Morning Thanks

Garrison Keillor once said we'd all be better off if we all started the day by giving thanks for just one thing. I'll try.

Wednesday, August 13, 2014

Wasicu at Chankpe Opi: A White Man at Wounded Knee VI

There’s more. You must have noticed because you can’t have missed what’s right in front of us—what’s been there the whole time we’ve been watching what happened. Be careful as you walk around on that promontory because a crumbling block foundation, scattered with crumpled beer cans and trash, marks the outline of what was once a Catholic church, right there where those Hotchkiss guns rained death on the council circle. It’s crumbling, as things do that are not preserved. 

The church that once stood here was destroyed in the 1973 Wounded Knee conflict, when, once more, violence occurred not far from where we’re standing. Men and women who held radically different views of Native dignity squared off against each other in this very valley. That dispute brought in U. S. Marshalls and turned deadly, when armed wasicu, here, once again, dug in like the cavalry. For many, those government marshalls were here to defend tribal leaders some thought violent, despotic men who’d long ago sold their souls for fools’ gold.

It isn’t pretty—this crumbling shell. There’s nothing to suggest that what once stood above ground here represented—even offered—the Prince of Peace. 

In Coventry, England, you can walk within the skull-like remains of a cathedral destroyed by Nazi bombs during World War II, a remarkable memento of Brit suffering during relentless air strikes. Coventry Cathedral is what much of Europe looked like after Hitler. That foundation is immense, its walls rise and fall jaggedly. But its perimeters are festooned with plaques and flowers and all kinds of memorials neatly commemorating suffering and heroism.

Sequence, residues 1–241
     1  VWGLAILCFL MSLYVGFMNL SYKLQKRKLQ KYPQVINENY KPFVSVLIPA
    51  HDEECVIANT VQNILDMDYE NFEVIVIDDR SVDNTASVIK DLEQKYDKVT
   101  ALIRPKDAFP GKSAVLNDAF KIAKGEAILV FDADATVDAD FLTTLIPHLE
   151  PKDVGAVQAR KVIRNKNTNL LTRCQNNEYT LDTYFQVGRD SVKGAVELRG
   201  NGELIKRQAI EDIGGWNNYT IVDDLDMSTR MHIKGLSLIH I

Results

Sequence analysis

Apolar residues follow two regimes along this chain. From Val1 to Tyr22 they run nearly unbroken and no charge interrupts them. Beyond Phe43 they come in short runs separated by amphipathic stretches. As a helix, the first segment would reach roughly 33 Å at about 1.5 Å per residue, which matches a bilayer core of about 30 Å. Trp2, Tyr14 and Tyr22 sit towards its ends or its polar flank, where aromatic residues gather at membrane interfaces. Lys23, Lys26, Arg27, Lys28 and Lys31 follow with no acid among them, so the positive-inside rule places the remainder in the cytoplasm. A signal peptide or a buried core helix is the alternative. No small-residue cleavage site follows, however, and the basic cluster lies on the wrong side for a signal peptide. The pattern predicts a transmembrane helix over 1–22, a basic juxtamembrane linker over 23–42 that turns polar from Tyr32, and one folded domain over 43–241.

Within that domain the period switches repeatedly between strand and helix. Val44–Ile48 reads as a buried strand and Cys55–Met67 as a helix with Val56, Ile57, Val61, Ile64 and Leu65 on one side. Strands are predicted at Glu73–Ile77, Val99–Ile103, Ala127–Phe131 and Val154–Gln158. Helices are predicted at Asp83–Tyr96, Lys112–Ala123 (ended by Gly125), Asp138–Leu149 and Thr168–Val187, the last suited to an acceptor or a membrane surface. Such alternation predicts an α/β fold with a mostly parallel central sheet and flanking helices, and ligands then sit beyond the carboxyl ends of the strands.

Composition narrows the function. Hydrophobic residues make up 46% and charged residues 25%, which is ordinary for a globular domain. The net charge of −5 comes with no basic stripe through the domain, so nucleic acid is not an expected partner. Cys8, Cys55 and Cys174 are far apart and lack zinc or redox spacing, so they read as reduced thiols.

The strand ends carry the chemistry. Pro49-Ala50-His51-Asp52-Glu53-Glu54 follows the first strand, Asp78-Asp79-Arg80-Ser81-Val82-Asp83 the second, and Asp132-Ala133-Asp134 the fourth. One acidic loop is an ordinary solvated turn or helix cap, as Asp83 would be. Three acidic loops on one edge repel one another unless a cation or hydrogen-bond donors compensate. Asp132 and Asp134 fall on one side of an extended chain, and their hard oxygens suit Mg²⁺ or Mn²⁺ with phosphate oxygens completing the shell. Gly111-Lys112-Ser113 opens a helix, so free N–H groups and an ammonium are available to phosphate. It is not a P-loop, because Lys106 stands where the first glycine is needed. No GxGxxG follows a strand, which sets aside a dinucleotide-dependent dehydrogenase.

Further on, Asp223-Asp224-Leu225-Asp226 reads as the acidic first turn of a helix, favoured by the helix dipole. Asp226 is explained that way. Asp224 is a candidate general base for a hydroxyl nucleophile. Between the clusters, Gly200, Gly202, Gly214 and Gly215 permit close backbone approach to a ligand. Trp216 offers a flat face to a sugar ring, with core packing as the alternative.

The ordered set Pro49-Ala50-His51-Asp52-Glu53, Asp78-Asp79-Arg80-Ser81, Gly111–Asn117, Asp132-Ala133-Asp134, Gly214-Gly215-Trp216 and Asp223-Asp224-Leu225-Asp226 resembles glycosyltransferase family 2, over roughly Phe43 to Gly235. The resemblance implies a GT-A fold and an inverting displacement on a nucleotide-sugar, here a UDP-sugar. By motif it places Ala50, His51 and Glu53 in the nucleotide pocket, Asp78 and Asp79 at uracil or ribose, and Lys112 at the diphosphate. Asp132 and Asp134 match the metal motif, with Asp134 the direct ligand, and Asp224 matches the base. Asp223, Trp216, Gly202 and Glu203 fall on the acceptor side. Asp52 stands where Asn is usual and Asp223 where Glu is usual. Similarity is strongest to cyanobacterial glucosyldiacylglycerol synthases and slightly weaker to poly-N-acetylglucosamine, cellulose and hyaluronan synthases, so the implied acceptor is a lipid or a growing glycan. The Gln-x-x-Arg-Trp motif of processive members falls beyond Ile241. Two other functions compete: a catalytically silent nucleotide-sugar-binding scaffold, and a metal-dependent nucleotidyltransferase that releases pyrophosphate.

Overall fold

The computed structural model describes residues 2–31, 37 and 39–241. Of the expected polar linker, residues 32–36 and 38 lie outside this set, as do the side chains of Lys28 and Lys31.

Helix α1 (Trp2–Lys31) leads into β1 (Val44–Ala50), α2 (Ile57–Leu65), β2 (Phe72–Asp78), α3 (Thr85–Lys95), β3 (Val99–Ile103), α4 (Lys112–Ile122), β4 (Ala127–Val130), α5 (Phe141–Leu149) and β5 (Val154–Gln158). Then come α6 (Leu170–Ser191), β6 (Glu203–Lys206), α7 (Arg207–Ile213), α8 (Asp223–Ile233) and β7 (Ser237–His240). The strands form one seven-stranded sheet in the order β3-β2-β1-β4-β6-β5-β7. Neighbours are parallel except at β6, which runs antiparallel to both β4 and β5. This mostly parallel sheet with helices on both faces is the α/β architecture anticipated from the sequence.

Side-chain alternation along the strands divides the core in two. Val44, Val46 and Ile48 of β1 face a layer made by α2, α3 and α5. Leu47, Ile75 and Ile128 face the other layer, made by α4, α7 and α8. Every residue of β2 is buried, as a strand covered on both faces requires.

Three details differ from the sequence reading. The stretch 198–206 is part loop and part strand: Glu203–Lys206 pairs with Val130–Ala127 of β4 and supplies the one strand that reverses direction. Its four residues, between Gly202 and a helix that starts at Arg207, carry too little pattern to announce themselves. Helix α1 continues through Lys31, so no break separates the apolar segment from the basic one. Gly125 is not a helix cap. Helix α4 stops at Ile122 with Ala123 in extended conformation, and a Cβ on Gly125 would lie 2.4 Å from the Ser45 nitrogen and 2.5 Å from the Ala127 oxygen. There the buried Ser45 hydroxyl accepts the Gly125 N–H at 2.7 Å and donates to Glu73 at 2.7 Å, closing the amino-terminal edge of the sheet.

No walls still stand on the foundation half-buried in the crest of the hill where we’re standing. No memorials—just graffiti—decorate what’s there. No one keeps the place up, so what’s left deteriorates in the abusive hands of changing prairie seasons. You can walk into that foundation, if you dare. The empty shell of the church that once looked over the field where hundreds died is nothing at all like the monument at Coventry.

And yet it is. It’s just not sanitized. But then, nothing is at Wounded Knee. Today, there is very little to mark the spot, beyond the sign on the road and the old monument behind us. There is a circular visitors’ center down the hill to the east, the pit toilets stand just outside. The center itself is black, and it’s likely you’ve parked beside it before you walked up the hill to the burial monument. In the summer, the place is open. You can wander into its dark confines, where various displays will tell part of the story. But most of the year you’ll find a padlock on the door, which means you’re on your own at Wounded Knee.

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